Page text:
- Oops!Something went wrong.Please try again later.
(Adds details, CFO comments)
By Steven Scheer
JERUSALEM, March 24 (Reuters) - Israeli defence electronics firm Elbit Systems said a jump in its order backlog should fuel further growth in 2021, after posting lower quarterly earnings hurt partly by a stronger shekel.
Elbit's order backlog rose to $11 billion in 2020 from $10 billion in 2019, it said on Wednesday, with two-thirds of orders from outside Israel.
"That definitely gives us a good feeling about the potential growth in revenues. I would say mid-single-digit growth is not out of the question," Chief Financial Officer Joseph Gaspar told Reuters, saying its defence business was not harmed much by the COVID-19 pandemic.
Gaspar added that along with cost-cutting steps at the company, "we believe that the growth in the top line will be reflected in the bottom line".
Israel's largest defence contractor, which makes drones, pilot helmet displays and cyber security systems, last year earned $7.20 per diluted share excluding one-time items, up from $6.79 in 2019.
Boosted by sales of airborne and land systems, revenue rose to $4.66 billion from $4.51 billion.
For the October to December period, Elbit said it earned $2.38 per diluted share, down from $2.47 a year earlier. Revenue rose to $1.38 billion from $1.32 billion.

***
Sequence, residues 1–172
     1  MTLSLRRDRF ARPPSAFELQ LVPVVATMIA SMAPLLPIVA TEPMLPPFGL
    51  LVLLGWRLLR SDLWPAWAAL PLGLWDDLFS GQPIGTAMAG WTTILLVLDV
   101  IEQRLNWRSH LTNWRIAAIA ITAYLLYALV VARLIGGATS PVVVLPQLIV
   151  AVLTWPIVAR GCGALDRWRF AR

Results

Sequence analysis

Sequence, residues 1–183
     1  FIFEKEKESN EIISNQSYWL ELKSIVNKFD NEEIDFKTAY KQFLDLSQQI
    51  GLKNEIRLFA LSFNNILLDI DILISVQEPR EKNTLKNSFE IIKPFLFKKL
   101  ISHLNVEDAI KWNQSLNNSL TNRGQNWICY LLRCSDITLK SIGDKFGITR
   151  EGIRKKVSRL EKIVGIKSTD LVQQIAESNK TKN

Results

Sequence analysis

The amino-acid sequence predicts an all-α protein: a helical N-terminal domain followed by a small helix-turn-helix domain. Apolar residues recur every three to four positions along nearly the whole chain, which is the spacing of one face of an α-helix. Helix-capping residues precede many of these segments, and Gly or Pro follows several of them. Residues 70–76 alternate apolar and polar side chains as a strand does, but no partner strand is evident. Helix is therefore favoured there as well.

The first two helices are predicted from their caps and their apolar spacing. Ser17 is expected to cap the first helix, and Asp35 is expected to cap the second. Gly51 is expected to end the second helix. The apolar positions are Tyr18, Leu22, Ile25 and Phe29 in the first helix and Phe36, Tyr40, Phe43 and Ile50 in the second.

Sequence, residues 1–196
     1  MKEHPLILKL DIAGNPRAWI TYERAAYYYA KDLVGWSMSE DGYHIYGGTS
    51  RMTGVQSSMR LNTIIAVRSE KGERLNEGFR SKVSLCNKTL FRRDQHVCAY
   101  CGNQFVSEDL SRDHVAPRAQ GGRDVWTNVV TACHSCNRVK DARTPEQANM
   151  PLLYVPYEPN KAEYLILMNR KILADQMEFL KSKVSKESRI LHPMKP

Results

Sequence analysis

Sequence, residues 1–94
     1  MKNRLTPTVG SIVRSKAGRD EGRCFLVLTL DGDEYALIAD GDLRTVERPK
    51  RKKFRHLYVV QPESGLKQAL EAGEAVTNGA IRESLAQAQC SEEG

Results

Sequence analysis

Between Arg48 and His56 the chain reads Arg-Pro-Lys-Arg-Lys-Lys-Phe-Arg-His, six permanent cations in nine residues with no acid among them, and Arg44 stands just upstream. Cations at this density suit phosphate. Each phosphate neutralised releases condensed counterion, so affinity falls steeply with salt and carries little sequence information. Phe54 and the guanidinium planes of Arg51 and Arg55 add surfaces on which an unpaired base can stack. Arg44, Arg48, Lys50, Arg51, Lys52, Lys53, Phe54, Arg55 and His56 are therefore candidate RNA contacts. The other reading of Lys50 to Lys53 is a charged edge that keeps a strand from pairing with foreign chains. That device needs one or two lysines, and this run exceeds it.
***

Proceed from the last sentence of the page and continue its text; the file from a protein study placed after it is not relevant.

It had been forecast to earn $1.93 a share on revenue of $1.33 billion, according to I/B/E/S data from Refinitiv.
Gaspar said Elbit's planned $380 million acquisition of Florida-based Sparton Corp should close in the coming weeks, giving Elbit a foothold in the naval sector.
Overall defence spending by European and Asian governments is rising, while being flat to slightly higher in the United States, he said.
Since December, Elbit has received contracts worth more than $1 billion to supply defence equipment to Switzerland, the Netherlands, Romania, the British Navy, and a number of unnamed Asia-Pacific countries.
Elbit declared a dividend of 44 cents per share for the fourth quarter, unchanged from the third quarter. Gaspar said it was likely that a dividend payout of some 30% of net profit would continue. (Reporting by Steven Scheer; Editing by Edmund Blair and Jan Harvey)